A-TEAM is designed to contribute to the implementation of these policies by developing a coherent framework, based on the best available knowledge and state-of-the art information technology.
Contribution to Community social objectives
A-TEAM addresses the management of technological and environmental emergencies, quality of life, health and safety Aiming to improve emergency management and preparedness through advanced training for technological and environmental risks, A-TEAM directly addresses the quality of life and health and safety, including working conditions in industries that involve hazardous substances and hazardous operations. With that, A-TEAM makes an obvious contribution to the related social objectives of the European Community. The costs of technological and environmental emergencies in terms of human life, material damage, and degradation of the human environment can be enormous, as the examples from Seveso to Chernobyl amply demonstrate. Quality of life, health and safety are directly affected by technological and environmental emergencies, so that any improvement in their management and control will automatically, and most directly, improve the quality of life, health and safety.
A-TEAM also contributes to the preservation and enhancement of the environment: both technological and environmental emergencies tend to be destructive not only in terms of life and material property, but also the environment, which should be obvious for cases such as toxic spills or forest fires. While environmental pollution stems primarily from more or less continuous sources, and the total mass fraction of these sources by far exceeds accidental releases, the non-linear dose-response to toxic substances make accidental releases of high volumes and therefor ambient concentrations much more important. Acute toxicity levels may be exceeded, leading to the possibility of major damage to the environment.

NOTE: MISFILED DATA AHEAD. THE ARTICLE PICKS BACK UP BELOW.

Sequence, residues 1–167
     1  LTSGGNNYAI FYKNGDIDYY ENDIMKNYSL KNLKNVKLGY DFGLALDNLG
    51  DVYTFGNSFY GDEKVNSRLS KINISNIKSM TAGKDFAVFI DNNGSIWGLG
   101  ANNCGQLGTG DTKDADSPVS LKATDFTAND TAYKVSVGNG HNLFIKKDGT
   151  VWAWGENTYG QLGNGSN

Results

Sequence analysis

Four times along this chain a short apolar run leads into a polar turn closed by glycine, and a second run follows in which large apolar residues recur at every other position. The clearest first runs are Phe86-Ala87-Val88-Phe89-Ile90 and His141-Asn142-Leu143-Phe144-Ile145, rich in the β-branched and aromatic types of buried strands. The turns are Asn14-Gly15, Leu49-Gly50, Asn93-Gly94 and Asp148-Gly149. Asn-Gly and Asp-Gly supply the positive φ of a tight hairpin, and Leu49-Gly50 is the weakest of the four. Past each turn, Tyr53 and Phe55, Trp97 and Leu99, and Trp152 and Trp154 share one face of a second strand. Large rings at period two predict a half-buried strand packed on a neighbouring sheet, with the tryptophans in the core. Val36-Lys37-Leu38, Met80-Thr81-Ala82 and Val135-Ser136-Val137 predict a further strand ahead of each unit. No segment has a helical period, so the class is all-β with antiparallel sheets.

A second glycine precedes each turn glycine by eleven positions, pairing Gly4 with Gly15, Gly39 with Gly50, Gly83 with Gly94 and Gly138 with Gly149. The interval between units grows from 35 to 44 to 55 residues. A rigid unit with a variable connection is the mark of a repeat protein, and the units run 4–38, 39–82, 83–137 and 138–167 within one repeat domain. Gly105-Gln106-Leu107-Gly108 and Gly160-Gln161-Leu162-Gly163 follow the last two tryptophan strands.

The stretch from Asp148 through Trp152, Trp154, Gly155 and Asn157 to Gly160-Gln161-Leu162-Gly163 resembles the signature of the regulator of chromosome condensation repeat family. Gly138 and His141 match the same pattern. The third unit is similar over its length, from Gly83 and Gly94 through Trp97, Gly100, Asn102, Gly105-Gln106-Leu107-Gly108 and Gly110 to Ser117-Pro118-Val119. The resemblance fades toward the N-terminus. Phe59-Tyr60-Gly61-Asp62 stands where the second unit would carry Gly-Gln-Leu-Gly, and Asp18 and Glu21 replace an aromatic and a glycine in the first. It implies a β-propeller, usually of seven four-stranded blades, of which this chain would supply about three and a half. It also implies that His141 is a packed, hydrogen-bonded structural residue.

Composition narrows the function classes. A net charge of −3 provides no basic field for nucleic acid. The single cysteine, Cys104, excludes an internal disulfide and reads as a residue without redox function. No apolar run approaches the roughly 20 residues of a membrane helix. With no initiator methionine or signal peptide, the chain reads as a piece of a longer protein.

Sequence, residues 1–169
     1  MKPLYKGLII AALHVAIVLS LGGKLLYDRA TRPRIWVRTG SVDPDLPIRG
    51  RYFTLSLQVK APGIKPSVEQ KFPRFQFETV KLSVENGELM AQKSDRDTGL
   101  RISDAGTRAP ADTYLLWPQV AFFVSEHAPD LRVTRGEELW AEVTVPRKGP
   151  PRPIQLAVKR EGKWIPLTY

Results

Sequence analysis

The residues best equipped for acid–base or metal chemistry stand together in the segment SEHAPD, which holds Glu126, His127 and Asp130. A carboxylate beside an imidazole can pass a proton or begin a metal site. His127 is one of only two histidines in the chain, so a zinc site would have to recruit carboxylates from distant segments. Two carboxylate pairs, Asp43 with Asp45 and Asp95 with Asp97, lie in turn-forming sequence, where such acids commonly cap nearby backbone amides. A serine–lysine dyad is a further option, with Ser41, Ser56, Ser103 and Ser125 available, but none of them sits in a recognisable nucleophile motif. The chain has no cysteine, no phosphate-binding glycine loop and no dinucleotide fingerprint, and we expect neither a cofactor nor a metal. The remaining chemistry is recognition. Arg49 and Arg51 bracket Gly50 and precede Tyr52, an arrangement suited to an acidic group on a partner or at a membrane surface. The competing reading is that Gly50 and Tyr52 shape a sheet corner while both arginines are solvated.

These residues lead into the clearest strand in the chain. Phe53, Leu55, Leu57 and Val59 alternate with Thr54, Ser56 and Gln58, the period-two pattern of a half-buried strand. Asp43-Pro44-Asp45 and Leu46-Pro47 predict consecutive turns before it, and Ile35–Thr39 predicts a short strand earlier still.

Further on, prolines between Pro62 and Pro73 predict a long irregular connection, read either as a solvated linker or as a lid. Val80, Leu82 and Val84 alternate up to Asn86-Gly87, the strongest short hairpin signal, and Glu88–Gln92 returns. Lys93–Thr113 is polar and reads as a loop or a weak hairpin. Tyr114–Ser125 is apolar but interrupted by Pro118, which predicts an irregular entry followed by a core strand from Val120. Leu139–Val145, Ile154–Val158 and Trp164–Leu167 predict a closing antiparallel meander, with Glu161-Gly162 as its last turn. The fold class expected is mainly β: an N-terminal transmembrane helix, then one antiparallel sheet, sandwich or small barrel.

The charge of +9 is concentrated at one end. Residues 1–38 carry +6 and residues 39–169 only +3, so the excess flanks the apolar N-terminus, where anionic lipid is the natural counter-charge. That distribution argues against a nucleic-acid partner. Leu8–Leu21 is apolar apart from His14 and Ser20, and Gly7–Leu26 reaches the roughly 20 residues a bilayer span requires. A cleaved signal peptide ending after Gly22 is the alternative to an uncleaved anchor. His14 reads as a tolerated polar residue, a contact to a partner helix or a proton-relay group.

This is reflected in the Council Resolution on a European Community programme of policy and action in relation to the environment and sustainable development, which states that most chemical agents are potentially hazardous if incorrectly applied or if released in large quantities either by design or accident. The resolution also reflects on emergency response, and thus implicitly on the necessary training of the industrial work force and intervention forces, in this context, stating the need to improve emergency response in the face of growing risks arising from large industrial concentrations, and the production, storage and transportation of toxic or hazardous substances and wastes; in addition, there is a special need to intensify international co-operation to improve response mechanisms in the case of grave environmental catastrophes such as forest fires and oil spills. Improved management of these accidents through better training will lead to a minimisation of such accidental releases of hazardous and toxic chemicals, benefiting the environment, or the destruction of natural resources through forest fires, which in turn is a contribution to sustainable development.
Training inherently improves employment prospects. In an increasingly complex and competitive working environment characterised by increasing globalisation, advanced skills improve employment prospects, directly, and indirectly: The aftermath of a major emergency is often characterised by a severe disruption of economic activities, from plant closures to re- routing of traffic, like after the recent fire catastrophes in the Mont Blanc and most recently the Tauern tunnels, or the most recent explosion at a chemical plant in Wuppertal, Germany. A-TEAM will integrate a broad range of European know-how, that may not only improve the skill, or develop new skills in emergency management of the European labour force working in high risk areas and civil protection, it will also open opportunities for the export of this training technology and thus, hopefully, help to create jobs in growth oriented high-tech service industries.